Rock of ages
25 April, 2013
As part of Scotland’s Year of Natural, Stirling Castle ran special tours last weekend in support of John Muir Day. This was a 175th-anniversary celebration of Scots-born naturalist Muir (1838–1914), whose work helped preserve some of America’s most stunning wildernesses.
This week my theme is another great Scot, who is closely linked with many Historic Scotland properties. James Hutton (1726–97) is known as the father of modern geology. He was a leading figure of the Scottish Enlightenment, an 18th-century golden age of intellectual and scientific achievements centred on Edinburgh. Hutton is internationally regarded as the founder of geology as a science.
Holyrood Park has two sites directly associated with him: Hutton’s Rock and Hutton’s Section. Both sites are world famous within the geological community and are regularly visited by geologists from all over the world.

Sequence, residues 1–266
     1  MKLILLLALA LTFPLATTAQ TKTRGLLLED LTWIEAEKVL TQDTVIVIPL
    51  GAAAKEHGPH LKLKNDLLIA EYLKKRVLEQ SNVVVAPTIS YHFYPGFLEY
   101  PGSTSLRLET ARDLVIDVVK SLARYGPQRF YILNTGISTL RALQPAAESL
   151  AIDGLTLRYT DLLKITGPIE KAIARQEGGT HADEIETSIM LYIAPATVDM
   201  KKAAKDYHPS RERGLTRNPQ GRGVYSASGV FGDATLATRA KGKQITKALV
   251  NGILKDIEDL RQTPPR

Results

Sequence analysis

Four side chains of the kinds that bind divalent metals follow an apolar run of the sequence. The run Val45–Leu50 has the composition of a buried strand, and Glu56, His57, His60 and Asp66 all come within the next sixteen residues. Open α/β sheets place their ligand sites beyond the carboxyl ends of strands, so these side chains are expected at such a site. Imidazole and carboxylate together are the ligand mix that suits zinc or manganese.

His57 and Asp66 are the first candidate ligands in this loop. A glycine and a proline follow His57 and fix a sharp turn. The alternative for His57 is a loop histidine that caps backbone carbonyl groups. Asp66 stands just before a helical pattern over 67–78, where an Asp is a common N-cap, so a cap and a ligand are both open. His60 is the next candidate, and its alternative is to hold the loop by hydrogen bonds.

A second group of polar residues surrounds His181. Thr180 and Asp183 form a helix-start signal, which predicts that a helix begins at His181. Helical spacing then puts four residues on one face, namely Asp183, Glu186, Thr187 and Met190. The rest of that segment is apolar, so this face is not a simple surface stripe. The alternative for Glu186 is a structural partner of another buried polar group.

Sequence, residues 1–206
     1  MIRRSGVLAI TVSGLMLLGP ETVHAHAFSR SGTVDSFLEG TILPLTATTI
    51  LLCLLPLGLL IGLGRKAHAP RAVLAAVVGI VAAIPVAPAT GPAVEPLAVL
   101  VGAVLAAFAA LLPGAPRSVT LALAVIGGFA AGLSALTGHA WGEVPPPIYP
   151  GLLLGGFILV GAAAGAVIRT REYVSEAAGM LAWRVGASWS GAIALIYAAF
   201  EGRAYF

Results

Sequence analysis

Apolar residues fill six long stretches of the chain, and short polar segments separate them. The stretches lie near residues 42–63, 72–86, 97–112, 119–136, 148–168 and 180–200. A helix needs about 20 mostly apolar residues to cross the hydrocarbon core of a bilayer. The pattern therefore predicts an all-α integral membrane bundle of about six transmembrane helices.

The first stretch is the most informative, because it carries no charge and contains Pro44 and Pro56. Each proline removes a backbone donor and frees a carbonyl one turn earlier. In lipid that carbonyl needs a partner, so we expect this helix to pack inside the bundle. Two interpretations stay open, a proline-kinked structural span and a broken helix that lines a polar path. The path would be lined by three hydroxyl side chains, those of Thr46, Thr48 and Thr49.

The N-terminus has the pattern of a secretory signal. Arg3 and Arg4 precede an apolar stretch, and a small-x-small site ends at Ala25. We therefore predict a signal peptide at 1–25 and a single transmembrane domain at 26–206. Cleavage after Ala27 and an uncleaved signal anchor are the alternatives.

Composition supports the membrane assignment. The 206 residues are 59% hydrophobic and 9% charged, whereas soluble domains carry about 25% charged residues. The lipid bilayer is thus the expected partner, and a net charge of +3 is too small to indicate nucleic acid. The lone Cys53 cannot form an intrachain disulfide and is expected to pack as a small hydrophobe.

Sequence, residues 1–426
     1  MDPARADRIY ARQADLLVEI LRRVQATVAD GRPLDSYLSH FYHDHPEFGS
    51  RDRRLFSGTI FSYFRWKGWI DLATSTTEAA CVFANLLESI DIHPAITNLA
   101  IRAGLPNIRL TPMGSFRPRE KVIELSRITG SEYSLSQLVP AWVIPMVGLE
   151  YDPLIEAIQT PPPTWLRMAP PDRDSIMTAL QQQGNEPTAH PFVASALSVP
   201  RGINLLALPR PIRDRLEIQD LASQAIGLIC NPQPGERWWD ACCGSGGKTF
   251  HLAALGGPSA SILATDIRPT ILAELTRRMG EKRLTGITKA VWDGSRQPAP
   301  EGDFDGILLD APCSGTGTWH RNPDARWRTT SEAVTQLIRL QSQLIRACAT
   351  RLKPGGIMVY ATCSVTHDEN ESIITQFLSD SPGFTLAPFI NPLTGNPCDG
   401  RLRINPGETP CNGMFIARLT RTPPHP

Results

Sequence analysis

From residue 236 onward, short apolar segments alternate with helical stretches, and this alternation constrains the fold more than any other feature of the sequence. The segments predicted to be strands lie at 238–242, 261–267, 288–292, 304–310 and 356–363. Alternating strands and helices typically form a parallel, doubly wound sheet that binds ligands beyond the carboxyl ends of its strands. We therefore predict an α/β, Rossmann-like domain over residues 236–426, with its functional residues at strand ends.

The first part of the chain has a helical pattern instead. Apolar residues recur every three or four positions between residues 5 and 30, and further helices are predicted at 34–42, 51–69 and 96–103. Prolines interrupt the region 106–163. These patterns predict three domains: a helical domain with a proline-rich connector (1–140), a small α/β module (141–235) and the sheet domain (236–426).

Hutton’s Rock, located in the quarries of Salisbury Crags, was identified by Hutton as an interesting example of a vein of iron ore and he persuaded the quarrymen to leave it. One of the first examples of conservation!
Hutton’s Section illustrates the process of rock creation, both by deposition to form sedimentary rock, and by volcanic activity. The section clearly shows how the volcanic rock has been forced under pre-existing sedimentary rock. This was a unequivocal proof of an idea which up until then was only a theory – and widely disbelieved in the scientific community.
Hutton also observed that in some rock outcrops, there was evidence that sedimentary rocks were no longer horizontal but hade been forced out of shape by geological forces. These rocks had then been eroded and other sedimentary rock laid down on top.
From this, he deduced that the Earth was a system constantly evolving through erosion, deposition and volcanic activity. When discussing the development of the Earth, he famously said that there was ‘ … no vestige of a beginning – no prospect of an end’.
The geological term for this formation is an unconformity. Hutton identified many: there are good examples at Jedburgh, just downriver from Jedburgh Abbey, and at Sicca Point on the East Lothian coast, east of Tantallon Castle.
Erosion is a natural process and it is evident in old stone buildings as the stone is weathered away. Global warming and acid rain only tend to make this process more rapid.
Historic Scotland can provide advice on the conservation of stonework. For further information visit our Technical Conservation site.